Published by "Carly Weeks June 23,2012"
Perhaps I should have been worried when, on our first night in Panama City, my boyfriend took me to a cigar bar teeming with scantily clad women lounging around tables of North American men.
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It’s hard to blame him: He was desperate to finally enjoy a cold beverage and a Partagas No. 4 on an open-air patio on a truly steamy night, the kind most Canadians can only enjoy a few months a year. And, in his defence, we were across the street from a respected multinational hotel. It was only after a Google search back at the hotel that we realized the bar, Habanos, is much more famous for its selection of Central American prostitutes than its beer.
Making the best of things, we decided to stay for one drink and watched as one after another sunburnt male made fast friends with one of the dozens of young women on hand.
Getting caught up in the moment, I raised my camera to take a photo.
My boyfriend shot me a stricken look as I brought him into focus.
“That probably isn’t the best idea right now,” he said.
But it’s not as if we had stumbled into the wrong part of town. In fact, we were smack in the middle of Panama City’s financial district, home to some of the city’s highest-end hotels and restaurants. That’s the thing about Panama: It’s full of surprises.
Construction cranes dot the skyline as far as the eye can see, a testament to the city’s booming growth, while soaring office towers, apartments and hotels rise up in pockets throughout the metropolis. Just a few kilometres away, visitors find themselves surrounded by the solitude of the stone ruins where the original city, pillaged by the privateer-cum-pirate Henry Morgan in 1671, was established.
The monolithic canal is the only thing that comes to mind for most people when thinking about this historic isthmus. But a growing share of visitors are flocking to Casco Viejo, the old colonial neighbourhood that served as the city’s headquarters post-Henry Morgan. Urban renewal, gentrification and a UNESCO World Heritage Site are turning the once-dilapidated area into a hotspot for cafés, wine bars, boutiques and exceptional dining.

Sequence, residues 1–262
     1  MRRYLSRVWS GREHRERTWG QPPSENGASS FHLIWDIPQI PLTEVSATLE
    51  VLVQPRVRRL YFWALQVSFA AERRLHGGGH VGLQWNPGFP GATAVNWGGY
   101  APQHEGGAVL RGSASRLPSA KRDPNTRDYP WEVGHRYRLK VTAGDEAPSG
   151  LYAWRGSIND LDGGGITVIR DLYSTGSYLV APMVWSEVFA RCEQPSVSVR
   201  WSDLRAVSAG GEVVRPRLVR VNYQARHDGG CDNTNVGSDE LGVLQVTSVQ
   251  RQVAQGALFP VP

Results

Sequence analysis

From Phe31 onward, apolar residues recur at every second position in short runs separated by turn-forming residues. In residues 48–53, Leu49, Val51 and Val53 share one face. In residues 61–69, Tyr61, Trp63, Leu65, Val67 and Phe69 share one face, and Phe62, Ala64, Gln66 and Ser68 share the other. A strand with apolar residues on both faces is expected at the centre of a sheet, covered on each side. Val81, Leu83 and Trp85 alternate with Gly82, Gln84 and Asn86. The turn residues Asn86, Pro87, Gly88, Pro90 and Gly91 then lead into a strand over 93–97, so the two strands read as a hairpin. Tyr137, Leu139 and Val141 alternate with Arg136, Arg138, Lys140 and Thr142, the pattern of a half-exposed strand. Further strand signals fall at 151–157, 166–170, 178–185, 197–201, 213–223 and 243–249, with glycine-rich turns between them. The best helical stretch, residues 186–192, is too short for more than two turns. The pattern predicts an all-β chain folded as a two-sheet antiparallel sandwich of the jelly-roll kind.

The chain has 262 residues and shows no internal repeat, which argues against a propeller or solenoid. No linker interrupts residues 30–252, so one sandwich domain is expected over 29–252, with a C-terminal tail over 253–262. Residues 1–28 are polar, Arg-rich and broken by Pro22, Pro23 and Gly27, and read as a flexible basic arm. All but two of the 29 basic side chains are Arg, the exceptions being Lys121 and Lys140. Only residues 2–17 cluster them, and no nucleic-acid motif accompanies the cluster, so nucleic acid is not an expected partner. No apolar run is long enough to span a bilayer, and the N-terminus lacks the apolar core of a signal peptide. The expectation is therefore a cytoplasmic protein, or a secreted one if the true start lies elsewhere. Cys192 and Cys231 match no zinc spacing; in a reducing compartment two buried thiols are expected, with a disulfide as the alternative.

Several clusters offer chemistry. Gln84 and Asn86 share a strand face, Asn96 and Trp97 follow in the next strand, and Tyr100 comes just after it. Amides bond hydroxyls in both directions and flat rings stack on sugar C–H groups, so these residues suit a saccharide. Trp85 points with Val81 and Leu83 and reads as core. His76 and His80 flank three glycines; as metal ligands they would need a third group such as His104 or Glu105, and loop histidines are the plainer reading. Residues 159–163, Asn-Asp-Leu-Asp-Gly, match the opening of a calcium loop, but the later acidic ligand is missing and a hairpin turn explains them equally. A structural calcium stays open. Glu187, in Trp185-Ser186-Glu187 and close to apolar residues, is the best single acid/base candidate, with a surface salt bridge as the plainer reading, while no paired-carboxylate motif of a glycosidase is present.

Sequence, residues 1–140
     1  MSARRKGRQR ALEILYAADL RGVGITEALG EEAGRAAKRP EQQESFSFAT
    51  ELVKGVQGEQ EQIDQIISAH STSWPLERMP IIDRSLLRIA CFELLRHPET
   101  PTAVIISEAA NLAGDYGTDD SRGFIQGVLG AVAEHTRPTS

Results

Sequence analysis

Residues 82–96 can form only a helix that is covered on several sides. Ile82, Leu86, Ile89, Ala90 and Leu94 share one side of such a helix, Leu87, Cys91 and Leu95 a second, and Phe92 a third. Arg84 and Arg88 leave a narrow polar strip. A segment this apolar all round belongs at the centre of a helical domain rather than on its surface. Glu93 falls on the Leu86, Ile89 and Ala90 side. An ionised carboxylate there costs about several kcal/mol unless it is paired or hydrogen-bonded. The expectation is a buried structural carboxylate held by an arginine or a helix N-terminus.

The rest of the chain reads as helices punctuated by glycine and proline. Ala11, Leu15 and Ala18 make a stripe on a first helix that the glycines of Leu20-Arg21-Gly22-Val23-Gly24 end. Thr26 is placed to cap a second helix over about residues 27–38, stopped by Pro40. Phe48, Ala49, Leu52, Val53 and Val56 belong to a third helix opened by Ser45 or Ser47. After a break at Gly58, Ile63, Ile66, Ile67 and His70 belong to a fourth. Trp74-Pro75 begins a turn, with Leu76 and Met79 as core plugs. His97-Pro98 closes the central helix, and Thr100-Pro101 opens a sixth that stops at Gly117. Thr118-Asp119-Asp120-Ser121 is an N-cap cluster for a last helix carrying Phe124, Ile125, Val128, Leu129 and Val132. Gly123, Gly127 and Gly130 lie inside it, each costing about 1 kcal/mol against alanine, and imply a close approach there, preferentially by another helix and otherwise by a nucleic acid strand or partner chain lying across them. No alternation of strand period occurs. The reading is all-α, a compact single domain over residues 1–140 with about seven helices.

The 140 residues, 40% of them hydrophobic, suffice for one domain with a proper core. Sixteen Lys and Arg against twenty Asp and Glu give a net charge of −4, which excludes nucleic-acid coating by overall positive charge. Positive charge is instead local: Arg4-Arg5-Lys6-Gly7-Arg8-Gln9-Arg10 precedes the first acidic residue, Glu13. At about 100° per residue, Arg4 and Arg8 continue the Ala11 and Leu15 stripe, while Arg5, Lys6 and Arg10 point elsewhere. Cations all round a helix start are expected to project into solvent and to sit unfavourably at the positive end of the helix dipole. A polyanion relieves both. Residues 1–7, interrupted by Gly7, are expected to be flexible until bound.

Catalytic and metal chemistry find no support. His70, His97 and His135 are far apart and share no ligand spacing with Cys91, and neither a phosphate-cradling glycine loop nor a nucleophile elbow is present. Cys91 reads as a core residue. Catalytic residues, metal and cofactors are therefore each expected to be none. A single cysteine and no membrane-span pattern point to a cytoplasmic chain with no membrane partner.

Even still, Casco Viejo, a neighbourhood that brings to mind what Havana could be, is still clinging to the remnants of being an overlooked area of a city once dominated by American influence and the canal. At the rate it’s going, it won’t stay that way for long.
Further afield, the wide stretches of white sandy beaches near the villages of Santa Clara and Farallon are luring more sun-seekers every year. So many, in fact, that construction is under way on a new international airport in the heart of what is quickly becoming a bastion of all-inclusive and high-end luxury hotels.
The arrival of organic chocolate boutiques, five-star beach resorts and $10 glasses of wine tell the story of a city benefiting from an economic boom. No longer under the thumb of an oppressive military governor or inhibited by U.S. control over the canal and the surrounding area, Panama is emerging not only as a destination, but a humming powerhouse in Central America.
Peek behind the curtain for a look at the other side of the story. A few blocks from the centre of Casco Viejo’s gentrification are slums with poor quality housing, poverty and dirty children wandering the street at night. Mexico and Honduras are the subject of headlines over Central America’s drug trade, but Panama, particularly along its border with Colombia, still sees its share of activity.